Wisdom’s Call

“Gate of Wisdom” by sculptor Ju Ming, at the Chinese University of Hong Kong.

“From the heights I call; will you listen? No?
Beside the road I call; will you listen? No?

“By the crossroad I call; will you listen? No?
Beside the gate I call; will you listen? No?

“Then at the entrance to the portals I cry out:
‘Be wise! Learn! Love righteousness! Grow!’

“Will you listen?

“No?”

Though she should delight
in God’s inhabited world:

Wisdom weeps.

A poem/prayer based on Proverbs 8:1-4, 22-31, the Revised Common Lectionary first reading for Year C, Trinity Sunday.

Photo of “Gate of Wisdom” by Chong Fat – Own work, CC BY-SA 3.0, https://commons.wikimedia.org/w/index.php?curid=5193511.

Magdalene’s Pentecost

They called it, “an idle tale,”
these Followers of the Way,
these messengers of the Messiah,
these pillars of the Church.

They called it, “an idle tale,”
when Joanna and Mary and I
proclaimed the Word of the LORD
declared to us by angels.

Shall I call it, “an idle tale,”
when wind and fire and dancing tongues
awakened all these pillars
to their urgent calling?

Shall I call it, “an idle tale,”
when Simon affirms that
daughters prophecy – though he
did not believe our word?

I will not blame them for their “idle tale,”
but neither will I wait until
the Spirit’s fire dims and they
ignore the women once again.

A poem/prayer based on 2:1-21, the Revised Common Lectionary first reading for Year C, Pentecost Sunday. The poem also refers to Luke 24:1-12.

It comes from my wonder that Mary Magdalene is not mentioned the chronicles of the Early Church after Jesus’ resurrection.

The image is a panel of a stained glass window depicting the crucifixion of Jesus at the Eglise abbatiale Sainte-Walburge, Walbourg, France.

Praying Again

God, I’d ask you to forgive us,
but we will not repent.

God, I’d ask you to reform us,
but we will not amend.

God, I’d ask you to guide us,
but we will not follow.

And so: eleven dead, or two.
A courthouse or a synagogue.

We will not hear, “Enough of this!”
We will not lay the weapons down.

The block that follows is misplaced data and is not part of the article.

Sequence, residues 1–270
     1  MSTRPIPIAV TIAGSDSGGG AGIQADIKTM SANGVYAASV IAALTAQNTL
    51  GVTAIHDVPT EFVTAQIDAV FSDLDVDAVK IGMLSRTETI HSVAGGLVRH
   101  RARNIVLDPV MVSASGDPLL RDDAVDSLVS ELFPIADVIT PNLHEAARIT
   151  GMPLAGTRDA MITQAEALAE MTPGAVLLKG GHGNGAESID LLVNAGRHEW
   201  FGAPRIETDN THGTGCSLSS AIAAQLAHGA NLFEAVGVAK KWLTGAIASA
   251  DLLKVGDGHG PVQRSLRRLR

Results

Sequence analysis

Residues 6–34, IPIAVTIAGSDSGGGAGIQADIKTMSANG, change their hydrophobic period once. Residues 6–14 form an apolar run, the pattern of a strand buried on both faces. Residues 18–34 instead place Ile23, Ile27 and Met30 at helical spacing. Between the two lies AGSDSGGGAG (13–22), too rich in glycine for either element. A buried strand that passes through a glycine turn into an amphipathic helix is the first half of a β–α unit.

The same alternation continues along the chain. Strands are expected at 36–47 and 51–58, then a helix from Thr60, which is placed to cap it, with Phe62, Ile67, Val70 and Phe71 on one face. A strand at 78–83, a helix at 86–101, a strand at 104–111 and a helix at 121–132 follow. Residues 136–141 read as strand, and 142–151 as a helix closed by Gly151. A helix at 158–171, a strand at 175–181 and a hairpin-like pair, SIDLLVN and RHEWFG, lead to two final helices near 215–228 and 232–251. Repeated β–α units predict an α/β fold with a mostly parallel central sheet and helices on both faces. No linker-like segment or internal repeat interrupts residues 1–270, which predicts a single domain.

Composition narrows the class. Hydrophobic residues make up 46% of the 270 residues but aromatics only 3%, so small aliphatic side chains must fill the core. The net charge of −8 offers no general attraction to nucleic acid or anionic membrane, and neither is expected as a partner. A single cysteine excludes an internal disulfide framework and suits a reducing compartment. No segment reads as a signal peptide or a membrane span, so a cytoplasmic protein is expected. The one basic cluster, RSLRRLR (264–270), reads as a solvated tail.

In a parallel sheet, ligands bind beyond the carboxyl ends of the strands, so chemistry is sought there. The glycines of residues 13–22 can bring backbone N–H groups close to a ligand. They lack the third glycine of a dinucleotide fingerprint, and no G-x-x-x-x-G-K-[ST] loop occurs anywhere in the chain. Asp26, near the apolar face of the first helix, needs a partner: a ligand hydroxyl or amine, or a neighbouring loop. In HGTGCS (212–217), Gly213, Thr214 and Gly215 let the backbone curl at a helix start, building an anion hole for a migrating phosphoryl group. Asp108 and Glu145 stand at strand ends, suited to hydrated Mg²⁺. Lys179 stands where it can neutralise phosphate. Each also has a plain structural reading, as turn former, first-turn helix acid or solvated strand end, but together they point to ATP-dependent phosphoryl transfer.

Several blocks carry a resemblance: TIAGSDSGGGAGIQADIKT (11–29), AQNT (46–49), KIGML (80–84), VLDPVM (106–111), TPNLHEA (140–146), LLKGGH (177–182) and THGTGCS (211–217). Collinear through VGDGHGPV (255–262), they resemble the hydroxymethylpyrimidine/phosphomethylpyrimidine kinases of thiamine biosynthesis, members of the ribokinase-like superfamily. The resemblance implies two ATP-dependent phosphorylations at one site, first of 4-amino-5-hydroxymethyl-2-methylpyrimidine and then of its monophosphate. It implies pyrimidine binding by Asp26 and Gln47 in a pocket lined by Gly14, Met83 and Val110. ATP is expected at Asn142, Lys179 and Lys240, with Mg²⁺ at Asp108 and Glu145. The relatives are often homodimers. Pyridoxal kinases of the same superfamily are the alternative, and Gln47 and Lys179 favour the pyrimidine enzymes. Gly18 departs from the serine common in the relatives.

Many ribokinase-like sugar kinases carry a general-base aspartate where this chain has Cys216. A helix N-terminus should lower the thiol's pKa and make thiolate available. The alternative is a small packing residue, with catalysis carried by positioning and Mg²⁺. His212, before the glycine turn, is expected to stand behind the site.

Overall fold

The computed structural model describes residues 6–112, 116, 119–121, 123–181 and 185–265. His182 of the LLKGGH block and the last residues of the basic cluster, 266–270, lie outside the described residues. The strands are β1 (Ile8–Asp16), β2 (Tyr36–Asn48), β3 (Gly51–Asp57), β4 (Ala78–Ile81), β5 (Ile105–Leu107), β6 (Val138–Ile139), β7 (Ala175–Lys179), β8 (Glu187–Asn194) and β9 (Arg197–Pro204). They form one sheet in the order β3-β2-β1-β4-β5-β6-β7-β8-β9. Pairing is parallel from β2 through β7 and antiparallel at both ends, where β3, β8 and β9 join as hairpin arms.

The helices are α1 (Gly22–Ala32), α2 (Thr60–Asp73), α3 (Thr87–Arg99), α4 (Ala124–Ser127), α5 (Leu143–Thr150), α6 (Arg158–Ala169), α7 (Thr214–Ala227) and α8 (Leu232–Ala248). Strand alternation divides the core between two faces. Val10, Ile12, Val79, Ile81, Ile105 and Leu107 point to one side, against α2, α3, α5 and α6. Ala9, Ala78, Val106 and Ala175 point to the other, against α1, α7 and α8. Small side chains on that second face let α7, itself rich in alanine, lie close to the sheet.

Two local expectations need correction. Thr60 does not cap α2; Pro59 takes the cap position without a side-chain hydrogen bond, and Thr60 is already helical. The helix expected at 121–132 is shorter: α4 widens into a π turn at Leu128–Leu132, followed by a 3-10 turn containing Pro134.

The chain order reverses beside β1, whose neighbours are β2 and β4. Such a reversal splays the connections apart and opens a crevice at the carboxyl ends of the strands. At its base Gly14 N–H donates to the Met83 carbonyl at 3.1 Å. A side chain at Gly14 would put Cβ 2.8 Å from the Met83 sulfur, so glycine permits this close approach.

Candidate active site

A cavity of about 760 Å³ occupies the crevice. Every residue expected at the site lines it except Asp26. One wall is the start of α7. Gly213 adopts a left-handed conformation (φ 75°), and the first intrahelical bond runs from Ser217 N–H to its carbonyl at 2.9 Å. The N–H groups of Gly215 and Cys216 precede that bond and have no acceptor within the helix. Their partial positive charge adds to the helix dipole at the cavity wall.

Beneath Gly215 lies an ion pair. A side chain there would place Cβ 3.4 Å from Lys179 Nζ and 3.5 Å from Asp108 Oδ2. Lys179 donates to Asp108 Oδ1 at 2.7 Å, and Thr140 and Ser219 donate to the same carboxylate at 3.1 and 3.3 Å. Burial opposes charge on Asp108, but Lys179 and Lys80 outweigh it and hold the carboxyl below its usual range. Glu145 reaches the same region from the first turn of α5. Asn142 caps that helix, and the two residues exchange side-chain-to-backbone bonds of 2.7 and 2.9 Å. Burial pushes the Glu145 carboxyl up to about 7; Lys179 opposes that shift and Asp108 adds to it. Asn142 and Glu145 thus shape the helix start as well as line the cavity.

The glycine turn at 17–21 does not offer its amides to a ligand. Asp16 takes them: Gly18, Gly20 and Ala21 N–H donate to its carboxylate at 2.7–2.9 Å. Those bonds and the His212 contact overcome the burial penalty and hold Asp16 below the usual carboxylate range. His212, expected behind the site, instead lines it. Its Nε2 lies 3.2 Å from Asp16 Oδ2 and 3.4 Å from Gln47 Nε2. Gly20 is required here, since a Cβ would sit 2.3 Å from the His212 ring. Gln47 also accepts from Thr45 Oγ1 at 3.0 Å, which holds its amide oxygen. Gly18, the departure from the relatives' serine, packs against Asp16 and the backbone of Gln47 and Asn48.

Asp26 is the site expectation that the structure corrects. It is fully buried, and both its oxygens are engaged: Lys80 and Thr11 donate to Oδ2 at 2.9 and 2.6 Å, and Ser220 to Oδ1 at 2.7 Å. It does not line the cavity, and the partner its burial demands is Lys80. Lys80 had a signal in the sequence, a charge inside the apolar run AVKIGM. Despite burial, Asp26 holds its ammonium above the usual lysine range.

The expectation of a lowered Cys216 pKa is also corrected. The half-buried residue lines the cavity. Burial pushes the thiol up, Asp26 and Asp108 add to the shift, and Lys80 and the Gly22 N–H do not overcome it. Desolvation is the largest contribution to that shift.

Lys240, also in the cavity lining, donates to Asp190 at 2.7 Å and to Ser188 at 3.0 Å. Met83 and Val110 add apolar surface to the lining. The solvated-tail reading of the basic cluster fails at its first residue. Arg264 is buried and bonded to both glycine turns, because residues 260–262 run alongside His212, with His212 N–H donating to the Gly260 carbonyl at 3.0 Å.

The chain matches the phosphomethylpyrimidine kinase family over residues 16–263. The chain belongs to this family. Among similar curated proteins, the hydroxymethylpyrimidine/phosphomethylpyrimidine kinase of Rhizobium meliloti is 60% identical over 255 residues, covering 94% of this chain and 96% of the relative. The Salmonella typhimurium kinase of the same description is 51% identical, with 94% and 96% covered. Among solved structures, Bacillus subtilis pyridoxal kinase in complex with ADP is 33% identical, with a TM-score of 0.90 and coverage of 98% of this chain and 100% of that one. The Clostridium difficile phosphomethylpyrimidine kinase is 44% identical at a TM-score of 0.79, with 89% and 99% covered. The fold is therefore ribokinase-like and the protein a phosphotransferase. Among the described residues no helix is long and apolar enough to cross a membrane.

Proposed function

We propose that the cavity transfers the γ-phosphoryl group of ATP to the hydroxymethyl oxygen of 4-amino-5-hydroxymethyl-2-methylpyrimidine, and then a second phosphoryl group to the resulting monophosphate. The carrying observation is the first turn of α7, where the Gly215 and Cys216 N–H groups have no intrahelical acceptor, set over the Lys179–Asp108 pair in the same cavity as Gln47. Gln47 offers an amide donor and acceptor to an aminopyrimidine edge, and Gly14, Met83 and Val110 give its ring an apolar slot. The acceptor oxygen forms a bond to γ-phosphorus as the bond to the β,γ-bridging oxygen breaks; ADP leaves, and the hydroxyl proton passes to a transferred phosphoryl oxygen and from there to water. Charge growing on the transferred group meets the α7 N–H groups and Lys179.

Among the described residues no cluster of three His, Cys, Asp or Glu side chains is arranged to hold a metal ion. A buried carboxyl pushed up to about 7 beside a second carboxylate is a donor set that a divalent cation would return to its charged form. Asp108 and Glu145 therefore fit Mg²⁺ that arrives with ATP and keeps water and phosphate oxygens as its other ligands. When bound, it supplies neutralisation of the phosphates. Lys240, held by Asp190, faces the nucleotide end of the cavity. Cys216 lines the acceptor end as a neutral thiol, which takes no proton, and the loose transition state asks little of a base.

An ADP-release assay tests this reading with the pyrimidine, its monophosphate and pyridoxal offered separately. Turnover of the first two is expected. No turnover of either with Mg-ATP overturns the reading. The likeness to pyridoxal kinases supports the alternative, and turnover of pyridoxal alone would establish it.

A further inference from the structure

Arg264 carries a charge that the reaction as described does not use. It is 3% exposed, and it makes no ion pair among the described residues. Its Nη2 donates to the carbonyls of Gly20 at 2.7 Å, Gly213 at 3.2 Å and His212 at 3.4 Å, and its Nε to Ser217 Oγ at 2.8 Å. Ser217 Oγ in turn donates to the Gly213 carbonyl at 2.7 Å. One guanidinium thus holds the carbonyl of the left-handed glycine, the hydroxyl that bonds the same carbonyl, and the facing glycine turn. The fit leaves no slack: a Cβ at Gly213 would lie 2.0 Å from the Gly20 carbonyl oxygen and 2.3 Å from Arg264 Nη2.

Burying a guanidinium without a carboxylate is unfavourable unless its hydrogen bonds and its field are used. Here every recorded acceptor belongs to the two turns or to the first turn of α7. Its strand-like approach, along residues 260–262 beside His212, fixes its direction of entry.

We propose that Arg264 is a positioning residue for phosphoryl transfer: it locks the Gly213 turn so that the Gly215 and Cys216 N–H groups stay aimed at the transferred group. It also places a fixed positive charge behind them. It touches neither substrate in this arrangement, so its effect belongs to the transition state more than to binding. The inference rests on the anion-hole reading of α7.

Do not forgive us, God,
until we choose a better way.

In grief for those killed and injured at the Virginia Beach Municipal Center in Virginia Beach, Virginia, on May 31, 2019.

Photo by Eric Anderson.

Desperately

The Slave Girl of Philippi, 1857-60

Desperately silenced.
My only words
not my own.
Tongue in stocks.

Desperately bound.
Daily divination’s
coins presented
to these human demons.

Desperately shackled
to these evil spirits:
one holds my body,
the other holds my voice.

Desperately shouting:
“These men are slaves
of the Most High God!”
But will they hear me?

Desperately hopeless,
silently shouting,
“Bring salvation
to this soul!”

Desperately grateful,
yet thanks go unheeded.
They are hauled away
in chains.

A poem/prayer based on Acts 16:16-34, the Revised Common Lectionary first reading for Year C, Seventh Sunday of Easter.

The painting of Saint Paul casting out the evil spirit from the unnamed woman (ca. 1860) is found outside the Basilica of Saint Paul, Rome, Italy. Photo by Richard Stracke: CC by-NC-SA 3.0.

Open Gates

The “New Gate” in Jerusalem, ca. 1900-1920

Its gates will never be shut by day – and there will be no night there.
– Revelation to John 21:25, NRSV

Go figure. I was wrong.
I always imagined, yawning wide,
the gates of hell, while heaven’s gates
admitted just a few.

But shuttered gates are not
an attribute of paradise.

A poem/prayer based on Revelation 21:10, 22-22:5, the Revised Common Lectionary second reading for Year C, Sixth Sunday of Easter.

Photo of the New Gate in Jerusalem taken between 1900 and 1920 by G. Eric and Edith Matson, part of the Matson Collection at the Library of Congress. Public Domain, https://commons.wikimedia.org/w/index.php?curid=464832.

Send Another, Please

I am perfectly content
to rest pious
in my righteousness.

I am perfectly content
to pray scathingly
for all those unwashed “them.”

I am perfectly content
to draw the narrow line
between the I and thou.

I am perfectly content
to forgive my little stumbles
and condemn everyone else’s.

I am perfectly content:
so don’t send me,
you troublesome Spirit.

I am perfectly content:
until, of course, you shatter
my complacency.

Dammit.

A poem/prayer based on Acts 11:1-18, the Revised Common Lectionary first reading for Year C, Fifth Sunday of Easter.

Image is Peter’s Vision by an unknown artist, found in The Story of the Bible from Genesis to Revelation by Charles Foster, published 1873. Public Domain, https://commons.wikimedia.org/w/index.php?curid=59771251

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The Raising of Tabitha

Oh, what if they’d called me?

They sent for you, dear Simon,
Cephas, Petros: You’re the Rock.
They sent for you, dear Simon,
when their dear Tabitha had died.

Oh, what if they’d called me?

My heart would have been pounding in
my chest so loud the village could
have heard. Why send them all
away (except to miss my failure)?

Oh, what if they’d called me?

A prayer. A tender summons: “Tabitha,
get up!” That heart whose love so
overflowed is beating even louder
than my own. Look, she lives!

Oh, what if they’d called me?

Did you feel you were holding Jesus’ place?
Did you ache for the Master’s steady poise?
Did your heart falter before hers revived?
How did you dare to call her name?

Oh, what if they’d called me?

A poem/prayer based on Acts 9:36-43, the Revised Common Lectionary first reading for Year C, Fourth Sunday of Easter.

The image is the raising of Tabitha in the Cappella Palatina in Palermo, Italy, a 12th century mosaic. Photo by Rmsrga – Own work, CC BY-SA 3.0, https://commons.wikimedia.org/w/index.php?curid=31666134.